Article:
Mindanao journos challenge gov’t to explain details of federalism

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Journalists from Mindanao has challenged the Philippine government to explain thoroughly the details of federalism for the general Filipino public, this despite the seemingly high level of awareness of Mindanaoans on the proposed form of government as campaigned by President Rodrigo Duterte when he assumed the presidency in July 2016.

The context of a federal form of government has been occasionally discussed by President Duterte in his public speeches but details such as sharing of powers between the national and regional government, taxation, and transition have not been fully explained.

In a seminar-workshop for media practitioners in Mindanao in Cagayan de Oro on October 8 and 9 on Understanding Federalism in the Philippine Context organized by the Philippine Press Institute (PPI) in partnership with the Pimentel Institute for Leadership and Governance (PILG) with the support of Hanns Seidel Foundation (HSF), both participants and resource persons asked about the readiness of the Philippines to have federated regions and its implications on various facets such as judiciary, health care system, and natural capital, among others.

Majority of the thirty participants who attended the seminar-workshop agreed that there are gaps in communicating federalism to the public because of the weak communication planning of the government.

"On one hand, they said it's going to be costly. Talking about cost but what about its benefits?," said political strategist Malou Tiquia, founder and chief executive officer of Publicus Asia, Inc. She said that the present government failed to define federalism and explain its implications on the lives of the common Filipinos.

“Will it change my life? Will it serve better justice? Hindi ito masagot sa federalism. Only economic and political powers ang concern nila.” She challenged Mindanao journalists to communicate the Mindanao narrative.

Seasoned journalist Butch Enerio, correspondent of SunStar Cagayan de Oro, admitted the dearth of reports on federalism and acknowledged the importance of understanding the basic information about federalism in the local media so they can expound and articulate the issues to their readers or listeners.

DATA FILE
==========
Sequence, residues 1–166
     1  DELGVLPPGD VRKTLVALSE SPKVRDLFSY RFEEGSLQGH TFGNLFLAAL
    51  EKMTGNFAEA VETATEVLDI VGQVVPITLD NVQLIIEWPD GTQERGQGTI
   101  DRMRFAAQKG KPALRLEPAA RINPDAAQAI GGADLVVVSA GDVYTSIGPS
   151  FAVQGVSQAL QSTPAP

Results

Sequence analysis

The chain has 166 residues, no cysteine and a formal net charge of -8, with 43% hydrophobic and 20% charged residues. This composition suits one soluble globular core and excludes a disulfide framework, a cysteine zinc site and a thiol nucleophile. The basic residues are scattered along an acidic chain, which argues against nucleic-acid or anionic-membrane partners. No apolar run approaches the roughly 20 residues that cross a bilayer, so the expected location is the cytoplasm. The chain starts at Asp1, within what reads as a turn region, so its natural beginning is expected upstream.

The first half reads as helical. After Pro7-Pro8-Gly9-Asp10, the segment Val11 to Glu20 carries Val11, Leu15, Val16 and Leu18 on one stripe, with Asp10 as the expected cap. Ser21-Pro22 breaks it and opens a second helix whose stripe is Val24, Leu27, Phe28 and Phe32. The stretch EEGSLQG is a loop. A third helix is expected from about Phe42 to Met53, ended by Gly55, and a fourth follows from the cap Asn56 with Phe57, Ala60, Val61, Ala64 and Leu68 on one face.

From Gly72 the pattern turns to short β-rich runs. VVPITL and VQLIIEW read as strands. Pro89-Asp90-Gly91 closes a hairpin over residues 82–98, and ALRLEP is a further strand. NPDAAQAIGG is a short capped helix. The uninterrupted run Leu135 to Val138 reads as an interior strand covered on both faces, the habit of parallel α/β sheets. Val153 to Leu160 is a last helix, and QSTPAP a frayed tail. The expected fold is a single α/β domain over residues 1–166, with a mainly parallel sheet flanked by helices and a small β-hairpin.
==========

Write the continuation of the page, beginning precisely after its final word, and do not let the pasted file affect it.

“We need to be updated as well. You see there are various types of federalism. Journalists must study federalism so there will be minimal errors once we convey the information to the public,” Enerio said.

Rodolfo Vicerra, an expert on congressional planning and budgeting explained the comparison between the draft by the Constitutional Commission (ConCom) and the present 1987 Constitution. Vicerra said there are minimal changes in the provisions of the 1987 Constitution that were found in the ConCom draft.

“Maybe if you could multiply the Ombudsman into different regions mapapadali ang investigation sa mga cases against erring officials, but right now under the unitary system, it is now monopoly of the Ombudsman,” said Vicerra citing weak points on Accountability of Public Officers.

Former journalist and now executive director of the Center for International Law, Atty. Romel Bagares on his reaction to the salient provisions of the draft charter, observed the absence of mutual communication between the government and the public. “Right now, 75% of Filipinos are not aware of federalism. There’s an absence of mutual communication. Federalism was designed to unite and not to divide," Bagares said. "Pre-conditions should be set so it can take off but it will take time, say 15-20 years."

Another challenge that he sees is the funding source of the implementation of federalism that according to the Department of Finance (DOF) would cost P300 billion while Department of Interior and Local Government (DILG) pegged it at P15 billion.

With unresolved issues surrounding the proposal to change the form of government, Mindanao journalists believed that the government should study the proposal well, identify the model of federalism suited to the Philippines, explain in details its aspects, and not rush things.

"Äfter all, only Mindanaoans can charter their own course," Enerio said in a hopeful tone.
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